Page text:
James Zikic’s Goal is Clear… the UFC; But He’s Not Looking Past His KSW Showdown

James Zikic at Cage Rage 26

James Zikic at Cage Rage 26

U.K. MMA veteran James Zikic is all set for an exciting encounter this weekend in Poland at KSW 16, fighting tough homegrown submission stylist Michal Materla. It’s a position he has been in before and one he looks forward to again – step onto foreign soil and take care of business.

“My goals in this sport are to win a few titles in Poland and in the U.K., probably KSW and BAMMA, before getting another chance in the UFC. That’s what I really want more than anything. God willing, to get a chance to fight on the biggest stage again.”

With more and more fighters competing on European cards, there is clearly an appeal to the Polish show and Zikic is happy to explain why.

“They are one of the biggest promotions in Europe. They put on great shows, great productions, they are very professional, and look after the fighters. They have a lot to offer.”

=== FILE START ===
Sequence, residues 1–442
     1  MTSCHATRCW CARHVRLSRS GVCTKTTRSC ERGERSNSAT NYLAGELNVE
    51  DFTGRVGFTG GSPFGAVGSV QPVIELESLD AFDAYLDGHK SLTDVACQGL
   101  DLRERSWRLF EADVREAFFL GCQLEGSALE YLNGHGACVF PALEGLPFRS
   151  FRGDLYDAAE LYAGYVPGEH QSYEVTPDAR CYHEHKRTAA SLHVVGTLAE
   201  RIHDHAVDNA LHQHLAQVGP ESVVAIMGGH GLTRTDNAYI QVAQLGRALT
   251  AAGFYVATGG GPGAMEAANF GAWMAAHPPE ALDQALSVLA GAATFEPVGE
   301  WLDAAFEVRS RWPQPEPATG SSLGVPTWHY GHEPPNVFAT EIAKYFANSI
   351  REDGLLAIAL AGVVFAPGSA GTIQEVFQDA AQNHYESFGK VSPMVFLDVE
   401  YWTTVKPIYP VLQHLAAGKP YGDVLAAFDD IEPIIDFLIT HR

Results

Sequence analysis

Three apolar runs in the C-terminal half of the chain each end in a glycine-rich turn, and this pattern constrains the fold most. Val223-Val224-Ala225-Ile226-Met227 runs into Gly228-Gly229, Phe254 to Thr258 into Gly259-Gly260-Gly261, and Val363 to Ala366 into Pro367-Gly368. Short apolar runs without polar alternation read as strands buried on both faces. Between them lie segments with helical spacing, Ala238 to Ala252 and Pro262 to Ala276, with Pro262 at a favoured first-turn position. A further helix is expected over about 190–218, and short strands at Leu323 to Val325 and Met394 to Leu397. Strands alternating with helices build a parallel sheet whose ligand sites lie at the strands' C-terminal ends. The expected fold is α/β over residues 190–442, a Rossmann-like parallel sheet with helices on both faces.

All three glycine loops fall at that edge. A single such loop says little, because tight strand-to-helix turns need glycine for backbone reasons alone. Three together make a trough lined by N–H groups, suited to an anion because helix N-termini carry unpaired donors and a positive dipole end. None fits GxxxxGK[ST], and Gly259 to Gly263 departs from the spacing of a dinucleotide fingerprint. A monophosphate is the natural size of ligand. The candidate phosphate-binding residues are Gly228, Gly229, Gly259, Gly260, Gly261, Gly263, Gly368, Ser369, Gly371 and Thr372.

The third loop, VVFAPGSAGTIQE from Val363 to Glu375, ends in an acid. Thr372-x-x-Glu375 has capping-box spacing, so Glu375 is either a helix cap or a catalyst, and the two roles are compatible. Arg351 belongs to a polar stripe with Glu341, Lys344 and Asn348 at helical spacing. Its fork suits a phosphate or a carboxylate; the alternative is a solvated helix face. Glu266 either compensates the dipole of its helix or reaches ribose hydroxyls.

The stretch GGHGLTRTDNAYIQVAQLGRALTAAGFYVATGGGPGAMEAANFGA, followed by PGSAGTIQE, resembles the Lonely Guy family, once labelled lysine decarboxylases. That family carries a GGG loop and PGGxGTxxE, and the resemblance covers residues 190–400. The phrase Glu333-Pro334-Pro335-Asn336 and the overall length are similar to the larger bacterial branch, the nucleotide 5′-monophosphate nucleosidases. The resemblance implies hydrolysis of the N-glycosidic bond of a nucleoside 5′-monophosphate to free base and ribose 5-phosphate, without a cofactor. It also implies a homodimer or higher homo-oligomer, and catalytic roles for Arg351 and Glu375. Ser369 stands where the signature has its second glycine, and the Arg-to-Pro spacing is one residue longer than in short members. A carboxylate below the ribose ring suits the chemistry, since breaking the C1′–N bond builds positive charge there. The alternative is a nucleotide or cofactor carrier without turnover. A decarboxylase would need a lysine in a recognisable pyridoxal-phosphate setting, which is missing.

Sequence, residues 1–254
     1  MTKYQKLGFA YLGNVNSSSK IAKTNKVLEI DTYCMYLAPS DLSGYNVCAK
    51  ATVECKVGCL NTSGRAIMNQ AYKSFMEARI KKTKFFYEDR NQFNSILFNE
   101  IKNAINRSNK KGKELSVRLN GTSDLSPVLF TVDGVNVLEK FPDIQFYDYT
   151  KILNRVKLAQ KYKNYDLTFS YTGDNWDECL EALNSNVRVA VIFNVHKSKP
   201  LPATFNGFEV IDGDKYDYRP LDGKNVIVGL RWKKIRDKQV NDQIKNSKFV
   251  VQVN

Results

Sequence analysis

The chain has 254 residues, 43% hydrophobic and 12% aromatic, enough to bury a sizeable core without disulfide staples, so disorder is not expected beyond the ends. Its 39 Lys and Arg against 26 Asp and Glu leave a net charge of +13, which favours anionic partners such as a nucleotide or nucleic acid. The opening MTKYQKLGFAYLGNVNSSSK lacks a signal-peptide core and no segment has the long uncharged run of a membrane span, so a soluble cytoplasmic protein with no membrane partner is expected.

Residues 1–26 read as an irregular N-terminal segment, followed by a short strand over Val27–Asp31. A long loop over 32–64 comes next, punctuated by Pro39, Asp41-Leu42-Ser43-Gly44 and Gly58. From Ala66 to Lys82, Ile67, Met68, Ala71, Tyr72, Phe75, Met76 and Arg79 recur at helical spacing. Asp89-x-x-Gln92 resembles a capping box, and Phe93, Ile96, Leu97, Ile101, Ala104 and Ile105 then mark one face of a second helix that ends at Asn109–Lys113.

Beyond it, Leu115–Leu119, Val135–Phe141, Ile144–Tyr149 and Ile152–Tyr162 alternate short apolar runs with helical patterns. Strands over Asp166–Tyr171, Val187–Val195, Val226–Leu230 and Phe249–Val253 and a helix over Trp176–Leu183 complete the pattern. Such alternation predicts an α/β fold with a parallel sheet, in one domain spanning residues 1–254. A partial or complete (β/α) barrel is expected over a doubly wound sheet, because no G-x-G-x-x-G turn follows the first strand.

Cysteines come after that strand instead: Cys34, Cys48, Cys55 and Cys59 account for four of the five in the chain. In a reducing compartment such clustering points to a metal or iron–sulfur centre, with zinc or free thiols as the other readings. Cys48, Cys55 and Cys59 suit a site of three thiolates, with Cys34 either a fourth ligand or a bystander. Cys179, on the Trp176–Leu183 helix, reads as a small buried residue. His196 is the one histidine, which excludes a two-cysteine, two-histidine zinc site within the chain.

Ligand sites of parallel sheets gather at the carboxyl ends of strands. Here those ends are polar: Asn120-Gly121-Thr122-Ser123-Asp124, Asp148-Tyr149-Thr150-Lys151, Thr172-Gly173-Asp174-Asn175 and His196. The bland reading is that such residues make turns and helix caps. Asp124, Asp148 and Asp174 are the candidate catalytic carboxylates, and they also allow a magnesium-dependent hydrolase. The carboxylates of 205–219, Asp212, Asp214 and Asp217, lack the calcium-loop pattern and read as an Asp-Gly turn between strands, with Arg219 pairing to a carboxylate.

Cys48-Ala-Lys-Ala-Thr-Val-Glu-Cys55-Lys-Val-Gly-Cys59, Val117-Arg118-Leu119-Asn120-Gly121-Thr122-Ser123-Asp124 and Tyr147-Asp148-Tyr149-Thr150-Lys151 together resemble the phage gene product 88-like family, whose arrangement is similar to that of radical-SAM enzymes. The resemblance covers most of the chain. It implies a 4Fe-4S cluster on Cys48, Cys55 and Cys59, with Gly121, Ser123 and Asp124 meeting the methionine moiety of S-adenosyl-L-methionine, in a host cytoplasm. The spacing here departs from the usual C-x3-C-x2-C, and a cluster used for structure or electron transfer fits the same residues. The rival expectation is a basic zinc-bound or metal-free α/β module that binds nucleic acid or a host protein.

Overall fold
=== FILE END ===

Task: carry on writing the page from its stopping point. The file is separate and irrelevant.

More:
Future plans in place, the first step in attaining them comes against a fighter who has only recently returned to action after a glut of injuries that kept him out on the sidelines.

No stranger to inactivity himself – be it through injury, personal or spiritual growth – Zikic believes that time on the sidelines won’t have affected his opponent as much as many might expect.

James Zikic cracks Rodney Favorus at Cage Rage 26

James Zikic cracks Rodney Favorus at Cage Rage 26

“I realize Materla has been inactive recently, but he is still a dangerous fighter. I think ring rust affects strikers more than grapplers, although I think it’s important to stay active to keep sharp, who knows what kind of form he will turn up in.”

Never one to leave it to chance, the veteran has plans of his own on how to sway the flow of the bout.

“It’s not how he performs, it’s about how I perform and how I assert my will and gameplan that will decide this fight.”

No stranger to the mat himself, Zikic has a tight, technical ground game that is often overlooked, especially considering that nine of his 20 career wins have come by way of submission. Most opponents think he is striking-skewed.

“It could get technical on the floor and I am ready for that. I have my favorite go-to moves that I keep sharp, but we will just have to see how the fight develops.”

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Lee Whitehead is a staff writer for MMAWeekly.com.
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